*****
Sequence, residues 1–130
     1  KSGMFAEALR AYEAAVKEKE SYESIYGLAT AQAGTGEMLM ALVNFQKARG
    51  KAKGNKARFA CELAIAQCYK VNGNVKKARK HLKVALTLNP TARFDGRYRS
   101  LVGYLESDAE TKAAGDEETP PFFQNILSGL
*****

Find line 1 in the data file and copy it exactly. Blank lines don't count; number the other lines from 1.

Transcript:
Sequence, residues 1–130